Figure 4. τ(q) for individual SSN between 1967 and 1979.

shows large multifractality. For τ(q), q = −6 is the appropriate number to show the change of τ.

3. Results

3.1. The Relationship between the Solar Activity and NH Sea Ice Area

The time series of NH sea ice area anomalies is shown in Figure 1. The NH sea ice area has decreased since 1980. For 1997-2005, the decrease was small and for 2008-2018 the decrease was large in some years. Decrease amount increased after the 2000s.

The τ(−6) of F10.7 flux and NH sea ice area are shown in Figure 5. The red square shows monofractality and the green circle shows multifractality for the 6 years centered on the year plotted. For instance, the green circle in 1980 for the F10.7 flux shows multifractality between 1977 and 1982. The data was excluded from Figure 5 for cases where we could not distinguish between monofractality and multifractality. The changes in fractality of F10.7 flux were larger than that of NH sea ice area. The changes in fractality of NH sea ice area and F10.7 flux were very similar in the 2000s.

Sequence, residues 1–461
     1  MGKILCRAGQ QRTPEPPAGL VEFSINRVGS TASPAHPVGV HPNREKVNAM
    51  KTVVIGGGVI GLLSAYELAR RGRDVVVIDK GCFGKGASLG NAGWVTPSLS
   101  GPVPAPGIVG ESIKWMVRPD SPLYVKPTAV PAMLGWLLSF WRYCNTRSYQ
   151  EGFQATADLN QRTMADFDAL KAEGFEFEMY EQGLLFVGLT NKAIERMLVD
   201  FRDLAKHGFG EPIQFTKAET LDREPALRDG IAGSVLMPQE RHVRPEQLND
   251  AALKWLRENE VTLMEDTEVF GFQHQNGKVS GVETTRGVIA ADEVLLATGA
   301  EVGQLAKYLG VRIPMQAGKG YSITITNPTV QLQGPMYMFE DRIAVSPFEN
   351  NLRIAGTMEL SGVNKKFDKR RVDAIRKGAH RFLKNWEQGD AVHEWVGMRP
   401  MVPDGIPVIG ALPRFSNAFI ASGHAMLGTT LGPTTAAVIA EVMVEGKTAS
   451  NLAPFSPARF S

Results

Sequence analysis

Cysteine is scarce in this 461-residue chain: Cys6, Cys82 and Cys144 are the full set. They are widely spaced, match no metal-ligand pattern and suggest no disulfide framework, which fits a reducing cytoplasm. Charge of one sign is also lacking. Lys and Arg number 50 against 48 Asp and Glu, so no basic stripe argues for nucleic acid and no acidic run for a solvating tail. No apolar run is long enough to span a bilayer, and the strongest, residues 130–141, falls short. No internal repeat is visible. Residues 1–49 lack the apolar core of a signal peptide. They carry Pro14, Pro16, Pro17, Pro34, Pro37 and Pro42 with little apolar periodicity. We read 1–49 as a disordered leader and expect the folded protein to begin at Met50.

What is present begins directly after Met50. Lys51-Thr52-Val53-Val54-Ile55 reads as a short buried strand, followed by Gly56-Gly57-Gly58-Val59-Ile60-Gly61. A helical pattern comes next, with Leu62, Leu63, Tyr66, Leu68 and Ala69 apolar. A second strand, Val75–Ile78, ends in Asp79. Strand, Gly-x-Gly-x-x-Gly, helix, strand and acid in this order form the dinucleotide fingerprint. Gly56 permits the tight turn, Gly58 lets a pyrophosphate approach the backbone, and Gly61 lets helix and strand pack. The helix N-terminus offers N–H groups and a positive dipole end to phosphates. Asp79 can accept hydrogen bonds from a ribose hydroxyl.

The τ(−6) density plot of NH sea ice area and F10.7 flux are shown in Figure 6(a) and Figure 6(b), respectively. The NH sea ice area showed narrow density distribution with single peak, indicating a small change in fractality. In contrast, F10.7 flux showed wide density distribution with two peaks and strong multifractality, indicating a large change in fractality.

The τ(−6) of SSN and NH sea ice area are shown in Figure 7. The change in fractality of SSN was larger than that of NH sea ice area. The changes in fractality of SSN and NH sea ice area were very similar in the 2000s.